Vaccines, it turns out, aren't just for children.

Long the purview of the pediatrician's office, immunizations are often forgotten about once patients turn 18. But the Centers for Disease Control and Prevention, as well as leading doctors' organizations, recommend that adults continue to receive certain routine shots throughout their lives to keep up immunity against infectious diseases, from tetanus and whooping cough to pneumonia and shingles.


"A lot of adults think it's the thing you get as a kid and once you're an adult you don't need them," said Dr. Vincenza Snow, director of clinical programs and quality of care for the American College of Physicians in Philadelphia.

But adults do need vaccines - and their busy doctors don't always have the time to make sure their immunizations are up to date.


"All doctors want to do the right thing, but sometimes the real-life visit gets in the way," Snow said. "If they're in for chest pains during flu season, these things tend to get forgotten, or we say [we'll] get the flu shot on the next visit, but the next visit doesn't happen."

The flu shot is the vaccine we hear about most, because influenza kills thousands each year and puts tens of thousands in the hospital. People older than 50 and those with chronic health problems should get flu shots. Primary-care doctors often administer them at their offices, while workplaces and grocery store chains also offer clinics to get as many adults vaccinated as possible.

And even then, only about 70 percent of Americans older than 65 get their yearly flu shots.

"People are not receiving the vaccines they should," said Dr. Gina Mootrey, associate director for adult immunizations at the CDC.

A number of surveys have been done, she said, asking adults whether or not they get vaccinated and, if not, why not. While some parents have worried about the safety of vaccination for their children, safety does not appear to be a major concern when it comes to their own shots.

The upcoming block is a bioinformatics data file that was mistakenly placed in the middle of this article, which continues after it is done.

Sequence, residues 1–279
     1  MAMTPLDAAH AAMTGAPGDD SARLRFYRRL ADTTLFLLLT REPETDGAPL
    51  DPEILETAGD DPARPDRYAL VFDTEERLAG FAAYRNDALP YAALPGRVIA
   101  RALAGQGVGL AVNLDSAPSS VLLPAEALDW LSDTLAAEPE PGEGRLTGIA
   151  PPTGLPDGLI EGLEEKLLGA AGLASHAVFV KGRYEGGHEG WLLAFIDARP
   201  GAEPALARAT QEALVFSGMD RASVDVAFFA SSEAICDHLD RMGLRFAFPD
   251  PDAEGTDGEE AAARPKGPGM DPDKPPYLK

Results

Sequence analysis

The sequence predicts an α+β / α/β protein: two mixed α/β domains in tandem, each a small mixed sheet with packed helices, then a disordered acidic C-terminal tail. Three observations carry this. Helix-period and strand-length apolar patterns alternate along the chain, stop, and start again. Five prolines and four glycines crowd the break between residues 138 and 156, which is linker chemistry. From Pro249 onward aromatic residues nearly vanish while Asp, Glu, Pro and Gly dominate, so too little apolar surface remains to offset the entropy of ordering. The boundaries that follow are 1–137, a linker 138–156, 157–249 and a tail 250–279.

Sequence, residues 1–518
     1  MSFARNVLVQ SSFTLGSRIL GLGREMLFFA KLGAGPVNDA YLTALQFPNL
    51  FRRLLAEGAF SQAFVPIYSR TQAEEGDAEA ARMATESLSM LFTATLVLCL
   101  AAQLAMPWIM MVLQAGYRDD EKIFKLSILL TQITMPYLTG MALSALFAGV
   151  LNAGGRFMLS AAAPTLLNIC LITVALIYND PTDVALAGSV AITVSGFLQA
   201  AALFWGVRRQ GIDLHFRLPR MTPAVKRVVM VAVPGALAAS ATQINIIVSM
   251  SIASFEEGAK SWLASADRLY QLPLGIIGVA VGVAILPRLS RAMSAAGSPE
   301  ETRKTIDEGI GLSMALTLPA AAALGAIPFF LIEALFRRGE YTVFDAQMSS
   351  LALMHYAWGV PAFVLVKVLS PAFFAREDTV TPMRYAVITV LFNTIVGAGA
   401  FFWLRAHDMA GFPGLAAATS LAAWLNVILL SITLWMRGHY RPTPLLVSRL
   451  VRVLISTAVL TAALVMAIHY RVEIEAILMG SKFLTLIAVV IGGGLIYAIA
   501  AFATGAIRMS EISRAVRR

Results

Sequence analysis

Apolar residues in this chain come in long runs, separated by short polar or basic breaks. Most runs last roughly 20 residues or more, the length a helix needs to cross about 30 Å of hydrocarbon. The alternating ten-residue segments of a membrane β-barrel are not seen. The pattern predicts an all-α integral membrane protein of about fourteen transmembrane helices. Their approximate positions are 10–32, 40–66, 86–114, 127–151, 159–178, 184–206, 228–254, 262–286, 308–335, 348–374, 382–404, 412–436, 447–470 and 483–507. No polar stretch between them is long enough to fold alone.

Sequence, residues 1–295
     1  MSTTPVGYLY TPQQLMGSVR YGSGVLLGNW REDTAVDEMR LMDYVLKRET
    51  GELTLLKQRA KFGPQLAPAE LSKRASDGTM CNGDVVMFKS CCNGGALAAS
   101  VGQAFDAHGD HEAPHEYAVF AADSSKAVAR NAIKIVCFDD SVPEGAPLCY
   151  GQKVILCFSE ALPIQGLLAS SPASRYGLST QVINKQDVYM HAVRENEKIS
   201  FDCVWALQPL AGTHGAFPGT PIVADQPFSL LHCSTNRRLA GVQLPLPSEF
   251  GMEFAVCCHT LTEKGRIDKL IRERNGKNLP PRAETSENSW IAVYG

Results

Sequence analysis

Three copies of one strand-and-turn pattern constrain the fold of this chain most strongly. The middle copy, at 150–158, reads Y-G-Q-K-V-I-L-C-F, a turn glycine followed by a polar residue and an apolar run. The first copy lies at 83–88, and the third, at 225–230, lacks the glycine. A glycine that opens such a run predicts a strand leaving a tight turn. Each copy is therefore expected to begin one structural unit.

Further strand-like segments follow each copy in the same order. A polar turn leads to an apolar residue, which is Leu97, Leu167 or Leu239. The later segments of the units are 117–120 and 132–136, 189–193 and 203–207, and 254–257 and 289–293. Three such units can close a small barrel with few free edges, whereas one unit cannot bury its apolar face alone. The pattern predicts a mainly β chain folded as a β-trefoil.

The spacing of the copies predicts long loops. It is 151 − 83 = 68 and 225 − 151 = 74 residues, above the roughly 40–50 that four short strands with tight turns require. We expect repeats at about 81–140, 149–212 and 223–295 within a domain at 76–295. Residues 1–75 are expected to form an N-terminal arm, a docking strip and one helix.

"The most common reason is they did not know they needed the vaccine," she said.

Vaccines are considered one of the greatest public health advances of the 20th century, leading to the near eradication of many diseases in the United States and saving countless lives. In many ways, vaccines are a victim of their own success. Those who weren't around when diphtheria and tetanus were serious health threats in the U.S. may question the need for vaccination against those diseases or forget about them entirely.

"There are risks associated with giving vaccines and they're usually very minimal," said Dr. Robin Motter, a family physician in Hunt Valley. "The risk you encounter if you don't get a vaccine can be life-threatening."


Some childhood vaccines give lifelong immunity, but the effects of others wane over time. To that end, the CDC recommends that every 10 years, adults get a booster shot containing a vaccine against tetanus, diphtheria and pertussis (Tdap) - and not just when they step on a nail.

But that's typically when most adults think about booster shots. A 2002 survey showed that in the previous 10 years, only 57 percent of adults ages 18-49 had received the booster. Only 44 percent of those older than 65 were vaccinated over the same period, Mootrey said.

"People don't like shots," she said.